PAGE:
It is being the recipient of light through these human Sonbeams that I have grown in my faith and become more knowledgeable in scripture to be able now to shed light where shadows threaten. We can learn from and become stronger through adversity if we but allow His light to show us the path to follow.
     God gave me the strength to offer comfort and support at the bedside of a friend whose terminal illness took him far too soon from his family. He died peacefully, surrounded by family holding his hands, his wife quietly reading his favorite scriptures, and me keeping his grandson occupied. While I went to the house to be a source of comfort for the family, I received a blessing of my own. Given the choice, this is exactly how I want to go out of this world, surrounded by family, peaceful music playing softly in the background, and my favorite scriptures being read.
     When my teenage son flipped a pickup end-over-end in the early morning hours one Sunday morning, fear and anxiety gripped my soul. When the immediate crisis had abated with the knowledge that he was not seriously hurt, I gave thanks to God for the teachable moment that allowed my son to recognize he had been given a second chance at life and must make the most of it. I praise Him daily for sparing my son's life so that he would later find his soul mate, marry, and begin a family of his own.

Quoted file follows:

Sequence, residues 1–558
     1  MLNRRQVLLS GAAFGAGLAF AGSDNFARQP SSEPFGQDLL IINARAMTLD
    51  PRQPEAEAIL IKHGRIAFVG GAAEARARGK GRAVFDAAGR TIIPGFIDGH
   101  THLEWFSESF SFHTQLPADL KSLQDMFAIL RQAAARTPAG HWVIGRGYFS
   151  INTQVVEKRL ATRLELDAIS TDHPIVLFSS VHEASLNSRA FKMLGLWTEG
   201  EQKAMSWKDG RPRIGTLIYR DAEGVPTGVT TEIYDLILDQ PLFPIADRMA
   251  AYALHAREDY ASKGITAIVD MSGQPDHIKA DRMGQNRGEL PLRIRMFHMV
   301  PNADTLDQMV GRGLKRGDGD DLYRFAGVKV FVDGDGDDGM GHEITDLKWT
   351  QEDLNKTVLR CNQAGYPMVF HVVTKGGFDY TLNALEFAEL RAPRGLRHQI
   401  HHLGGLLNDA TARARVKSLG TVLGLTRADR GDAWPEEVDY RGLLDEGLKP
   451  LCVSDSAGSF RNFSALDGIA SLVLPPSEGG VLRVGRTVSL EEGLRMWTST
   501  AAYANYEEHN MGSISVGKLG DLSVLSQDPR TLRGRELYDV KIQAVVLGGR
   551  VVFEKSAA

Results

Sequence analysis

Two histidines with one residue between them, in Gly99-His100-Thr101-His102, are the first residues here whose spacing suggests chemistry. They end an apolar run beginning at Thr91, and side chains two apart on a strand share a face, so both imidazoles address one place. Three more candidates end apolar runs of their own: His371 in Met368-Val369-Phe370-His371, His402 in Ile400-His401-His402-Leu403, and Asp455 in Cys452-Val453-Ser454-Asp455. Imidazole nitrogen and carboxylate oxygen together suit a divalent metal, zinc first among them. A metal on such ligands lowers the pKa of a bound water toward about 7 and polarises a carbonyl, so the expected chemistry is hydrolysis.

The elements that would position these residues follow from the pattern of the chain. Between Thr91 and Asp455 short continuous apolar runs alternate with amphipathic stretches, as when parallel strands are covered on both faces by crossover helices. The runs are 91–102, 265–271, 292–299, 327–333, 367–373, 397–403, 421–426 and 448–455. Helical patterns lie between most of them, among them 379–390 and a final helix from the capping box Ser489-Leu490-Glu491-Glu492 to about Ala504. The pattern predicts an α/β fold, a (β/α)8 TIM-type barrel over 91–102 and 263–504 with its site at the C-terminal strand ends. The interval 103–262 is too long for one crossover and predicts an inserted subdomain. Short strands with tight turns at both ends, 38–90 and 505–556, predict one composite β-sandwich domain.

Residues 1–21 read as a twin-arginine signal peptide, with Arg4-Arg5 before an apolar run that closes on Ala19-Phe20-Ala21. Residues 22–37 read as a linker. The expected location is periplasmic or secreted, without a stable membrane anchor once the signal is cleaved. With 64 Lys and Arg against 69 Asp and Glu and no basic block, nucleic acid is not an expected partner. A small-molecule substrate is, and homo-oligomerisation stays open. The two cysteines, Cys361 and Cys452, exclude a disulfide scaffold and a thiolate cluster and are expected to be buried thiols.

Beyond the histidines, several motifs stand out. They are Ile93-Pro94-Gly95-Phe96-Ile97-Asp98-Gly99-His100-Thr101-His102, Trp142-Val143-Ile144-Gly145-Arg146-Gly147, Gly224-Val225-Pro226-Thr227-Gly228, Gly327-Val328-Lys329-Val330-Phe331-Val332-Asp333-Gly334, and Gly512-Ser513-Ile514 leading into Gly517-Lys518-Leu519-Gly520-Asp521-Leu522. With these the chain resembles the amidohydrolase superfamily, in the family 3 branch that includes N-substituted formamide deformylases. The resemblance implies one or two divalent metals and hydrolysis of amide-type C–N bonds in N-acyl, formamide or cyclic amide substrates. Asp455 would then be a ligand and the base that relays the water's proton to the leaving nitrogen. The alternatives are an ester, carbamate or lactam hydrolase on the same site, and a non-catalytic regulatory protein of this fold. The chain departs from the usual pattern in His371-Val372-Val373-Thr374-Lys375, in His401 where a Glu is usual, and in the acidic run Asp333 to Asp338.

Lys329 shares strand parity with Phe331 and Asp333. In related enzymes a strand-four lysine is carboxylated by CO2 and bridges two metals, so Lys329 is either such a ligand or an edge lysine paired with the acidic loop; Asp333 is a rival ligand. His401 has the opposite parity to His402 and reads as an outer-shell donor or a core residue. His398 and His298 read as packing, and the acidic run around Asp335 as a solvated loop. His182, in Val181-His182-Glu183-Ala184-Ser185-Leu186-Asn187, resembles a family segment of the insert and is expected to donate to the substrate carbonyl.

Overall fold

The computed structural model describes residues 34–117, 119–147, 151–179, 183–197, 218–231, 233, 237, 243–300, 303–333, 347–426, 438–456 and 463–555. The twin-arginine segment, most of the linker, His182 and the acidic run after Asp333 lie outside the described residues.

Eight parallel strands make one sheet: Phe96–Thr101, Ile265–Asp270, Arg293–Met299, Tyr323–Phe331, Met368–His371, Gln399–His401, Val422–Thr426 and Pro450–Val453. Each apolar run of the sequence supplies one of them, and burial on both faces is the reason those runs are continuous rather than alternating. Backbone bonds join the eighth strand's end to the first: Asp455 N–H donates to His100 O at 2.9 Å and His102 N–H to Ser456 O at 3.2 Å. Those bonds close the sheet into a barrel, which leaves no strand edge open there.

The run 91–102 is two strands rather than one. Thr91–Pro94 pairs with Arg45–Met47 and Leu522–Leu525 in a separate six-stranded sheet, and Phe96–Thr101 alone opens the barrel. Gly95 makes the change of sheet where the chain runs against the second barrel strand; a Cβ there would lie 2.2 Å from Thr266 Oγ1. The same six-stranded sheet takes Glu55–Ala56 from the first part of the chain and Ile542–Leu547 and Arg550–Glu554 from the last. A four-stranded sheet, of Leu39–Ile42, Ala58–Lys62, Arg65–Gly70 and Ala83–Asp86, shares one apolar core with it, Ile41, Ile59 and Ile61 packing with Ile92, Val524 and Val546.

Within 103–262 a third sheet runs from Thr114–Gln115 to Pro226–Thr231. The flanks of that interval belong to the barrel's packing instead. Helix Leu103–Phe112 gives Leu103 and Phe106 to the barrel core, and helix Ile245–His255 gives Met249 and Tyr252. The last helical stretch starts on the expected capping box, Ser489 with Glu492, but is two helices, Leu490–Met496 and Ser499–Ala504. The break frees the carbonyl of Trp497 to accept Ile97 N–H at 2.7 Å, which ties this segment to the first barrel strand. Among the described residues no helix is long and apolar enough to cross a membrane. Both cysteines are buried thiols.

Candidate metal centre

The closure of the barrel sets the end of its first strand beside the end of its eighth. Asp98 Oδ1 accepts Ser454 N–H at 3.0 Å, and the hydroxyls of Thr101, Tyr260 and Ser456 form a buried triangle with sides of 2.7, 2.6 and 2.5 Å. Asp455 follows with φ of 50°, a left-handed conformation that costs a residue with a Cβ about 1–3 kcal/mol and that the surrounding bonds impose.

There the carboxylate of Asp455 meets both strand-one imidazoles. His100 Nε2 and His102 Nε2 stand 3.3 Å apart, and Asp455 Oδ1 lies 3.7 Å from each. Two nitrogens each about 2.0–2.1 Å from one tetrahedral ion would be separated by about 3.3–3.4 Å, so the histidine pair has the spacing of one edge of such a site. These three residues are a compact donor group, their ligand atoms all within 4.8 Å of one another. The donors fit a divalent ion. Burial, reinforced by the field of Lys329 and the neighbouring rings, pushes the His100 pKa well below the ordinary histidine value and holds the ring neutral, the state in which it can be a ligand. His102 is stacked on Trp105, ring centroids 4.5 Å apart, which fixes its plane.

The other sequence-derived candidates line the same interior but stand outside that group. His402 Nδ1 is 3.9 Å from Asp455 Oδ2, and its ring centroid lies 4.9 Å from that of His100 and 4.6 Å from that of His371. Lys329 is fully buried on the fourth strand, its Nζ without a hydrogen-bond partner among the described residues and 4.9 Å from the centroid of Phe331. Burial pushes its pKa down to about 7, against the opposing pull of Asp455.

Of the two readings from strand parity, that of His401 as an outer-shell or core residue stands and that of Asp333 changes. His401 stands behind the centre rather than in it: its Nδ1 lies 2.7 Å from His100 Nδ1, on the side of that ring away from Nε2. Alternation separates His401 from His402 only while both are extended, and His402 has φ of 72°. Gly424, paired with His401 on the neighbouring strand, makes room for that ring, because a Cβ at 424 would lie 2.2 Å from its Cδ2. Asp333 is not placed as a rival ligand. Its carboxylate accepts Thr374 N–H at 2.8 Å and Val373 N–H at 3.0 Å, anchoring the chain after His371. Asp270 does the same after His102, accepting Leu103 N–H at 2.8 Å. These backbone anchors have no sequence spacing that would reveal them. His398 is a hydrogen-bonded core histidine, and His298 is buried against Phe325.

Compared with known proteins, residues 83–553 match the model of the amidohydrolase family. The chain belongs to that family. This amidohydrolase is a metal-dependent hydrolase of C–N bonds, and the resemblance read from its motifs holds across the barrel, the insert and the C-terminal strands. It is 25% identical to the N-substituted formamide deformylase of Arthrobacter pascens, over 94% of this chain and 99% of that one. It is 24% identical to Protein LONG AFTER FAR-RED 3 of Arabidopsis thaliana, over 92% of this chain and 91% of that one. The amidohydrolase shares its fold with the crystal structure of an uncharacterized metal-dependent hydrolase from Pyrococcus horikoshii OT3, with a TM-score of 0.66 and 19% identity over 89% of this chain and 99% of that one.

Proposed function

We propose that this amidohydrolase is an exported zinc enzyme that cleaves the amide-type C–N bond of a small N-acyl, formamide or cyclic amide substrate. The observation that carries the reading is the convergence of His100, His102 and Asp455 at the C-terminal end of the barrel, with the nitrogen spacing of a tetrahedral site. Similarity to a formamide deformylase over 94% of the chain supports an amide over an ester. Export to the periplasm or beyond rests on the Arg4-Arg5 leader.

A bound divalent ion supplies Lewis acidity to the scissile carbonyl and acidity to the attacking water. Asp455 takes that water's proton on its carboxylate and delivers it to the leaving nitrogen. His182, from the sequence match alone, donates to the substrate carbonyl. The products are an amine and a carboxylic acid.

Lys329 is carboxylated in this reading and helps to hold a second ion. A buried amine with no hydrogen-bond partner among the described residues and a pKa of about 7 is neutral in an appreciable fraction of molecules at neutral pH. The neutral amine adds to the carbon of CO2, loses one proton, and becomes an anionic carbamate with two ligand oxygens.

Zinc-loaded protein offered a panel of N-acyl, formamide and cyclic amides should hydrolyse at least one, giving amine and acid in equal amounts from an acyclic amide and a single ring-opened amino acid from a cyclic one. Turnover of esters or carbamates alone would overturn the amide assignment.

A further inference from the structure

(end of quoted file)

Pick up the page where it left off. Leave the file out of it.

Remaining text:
When my own daughter miscarried, not once but twice, I comforted her in the only way I knew how, through verses from the book of Job and through prayer. My words may very well have fallen on deaf ears during this time of grief, yet God’s word cannot be refuted. He gave me the words to offer her, and she found her way past the grief and into a stronger person who later bore two more children.
     Not all people are willing or ready to leave their individual shadows, but I have learned to seek the light and to surround myself with other beams of light, ready to shine wherever shadows threaten. I have come to understand that to the world, I am just one person, but to one person, I may just be the Sonbeam that allows that one person to experience light again in their world.